Sometimes we find ourselves with a problem or situation we can’t immediately solve. Perhaps our emotions are running high and we need some space to compose ourselves or perhaps it is an issue that just can’t be solved in the immediate future but still gives us an element of worry or distress. In either case, we can begin to feel consumed by our feelings. Distress tolerance techniques are a part of Dialectical Behavioural Therapy (DBT) and can be quite helpful when feeling upset about something. Today’s post will focus on immediate, or short term distress.
Someone upsets you at work with an insensitive comment, you get wind that a friend has gossiped about you to someone else, the school calls and your teenager has skipped class – these are all examples of situations that can create an immediate reaction in us; of anger, hurt, frustration, disappointment. Perhaps dealing with it immediately might not work – time does not allow for it or we fear that we may say or do something that isn’t measured.
One way to deal with short term or immediate distress is to use our senses to self-soothe; it can be helpful in grounding yourself. After taking a couple of deep breaths, try and use your senses to center yourself:
- Stand by a window or go outside. Focus on the trees, water, people walking by.
- Scroll through pictures on your phone that bring you good feelings.
- Put on some music that is soothing or uplifting.
- Listen to a guided meditation or podcast that you enjoy.
- Light a candle; cook something flavourful, buy yourself a Pumpkin Spice Latte at lunch.
- Put on a cozy sweater or wrap. Cozy up to your pet, take a shower or a bath.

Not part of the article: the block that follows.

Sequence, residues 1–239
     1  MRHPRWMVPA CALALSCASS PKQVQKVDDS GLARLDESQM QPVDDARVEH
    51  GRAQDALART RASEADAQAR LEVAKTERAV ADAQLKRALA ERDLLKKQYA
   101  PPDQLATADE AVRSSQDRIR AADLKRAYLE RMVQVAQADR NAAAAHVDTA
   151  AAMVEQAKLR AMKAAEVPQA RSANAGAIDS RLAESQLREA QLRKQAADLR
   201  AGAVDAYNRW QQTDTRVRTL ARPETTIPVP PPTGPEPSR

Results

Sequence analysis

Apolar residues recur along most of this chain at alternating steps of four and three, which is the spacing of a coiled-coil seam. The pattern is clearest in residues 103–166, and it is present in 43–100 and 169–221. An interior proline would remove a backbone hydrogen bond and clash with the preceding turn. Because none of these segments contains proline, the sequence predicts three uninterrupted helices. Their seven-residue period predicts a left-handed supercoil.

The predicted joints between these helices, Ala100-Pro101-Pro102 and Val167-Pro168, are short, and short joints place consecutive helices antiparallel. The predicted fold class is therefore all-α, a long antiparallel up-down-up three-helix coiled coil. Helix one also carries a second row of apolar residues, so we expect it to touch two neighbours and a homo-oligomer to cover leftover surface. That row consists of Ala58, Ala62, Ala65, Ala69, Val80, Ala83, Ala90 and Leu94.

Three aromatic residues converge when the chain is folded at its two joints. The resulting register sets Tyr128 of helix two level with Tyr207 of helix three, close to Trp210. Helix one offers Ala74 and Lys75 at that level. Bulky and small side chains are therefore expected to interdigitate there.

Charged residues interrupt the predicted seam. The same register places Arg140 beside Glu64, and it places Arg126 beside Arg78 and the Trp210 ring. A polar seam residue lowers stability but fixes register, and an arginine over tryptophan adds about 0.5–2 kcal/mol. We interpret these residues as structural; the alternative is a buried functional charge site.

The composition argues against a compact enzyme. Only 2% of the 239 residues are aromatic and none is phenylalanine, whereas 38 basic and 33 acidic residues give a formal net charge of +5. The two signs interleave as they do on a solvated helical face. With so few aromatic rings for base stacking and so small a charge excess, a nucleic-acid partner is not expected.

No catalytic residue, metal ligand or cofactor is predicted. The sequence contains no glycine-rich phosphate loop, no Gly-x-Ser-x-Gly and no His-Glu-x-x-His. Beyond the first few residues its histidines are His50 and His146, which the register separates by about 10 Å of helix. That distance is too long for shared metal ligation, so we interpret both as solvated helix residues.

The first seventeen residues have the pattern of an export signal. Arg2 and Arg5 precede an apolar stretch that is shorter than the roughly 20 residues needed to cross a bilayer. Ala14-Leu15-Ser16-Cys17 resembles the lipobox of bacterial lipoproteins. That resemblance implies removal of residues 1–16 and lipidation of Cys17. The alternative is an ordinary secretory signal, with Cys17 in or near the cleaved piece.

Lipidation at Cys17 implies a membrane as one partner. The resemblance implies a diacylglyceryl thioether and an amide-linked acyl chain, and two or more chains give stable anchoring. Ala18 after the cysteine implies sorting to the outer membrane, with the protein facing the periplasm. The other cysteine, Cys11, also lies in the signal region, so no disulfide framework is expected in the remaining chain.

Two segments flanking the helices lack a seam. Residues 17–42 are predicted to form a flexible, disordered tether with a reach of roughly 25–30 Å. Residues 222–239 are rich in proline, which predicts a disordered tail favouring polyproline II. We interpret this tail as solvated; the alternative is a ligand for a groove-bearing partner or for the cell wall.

These types of distraction techniques are meant not to help us avoid dealing with the situation, but rather give us the time to focus on how we want to handle the issue that has brought us emotional upset. As they are also self-soothing activities, they help to feed our comfort system, which allows our rational brain to inform us as to how we want to move forward in finding a solution.
Tomorrow we will look at the types of distraction techniques needed for long term emotional upset.
Photo credit: https://unsplash.com/@martinsanchez
2 thoughts on “Distress Tolerance Techniques from DBT”
Is this where I use the little prayer, “Dear Lord, please make my words tender and sweet in case I have to eat them tomorrow.” ? Right after taking some deep breaths, and prior to any attempts at problem solving or resolution, I find that irreverent or not it shifts my perspective and can even allow me to laugh at myself. Looking forward to tomorrow’s post.
Thank you Gurlie! That is a lovely way to remind ourselves to be cognizant of what and how we say things; to take a deep breath (and say the prayer) before reacting instead of responding. 🙂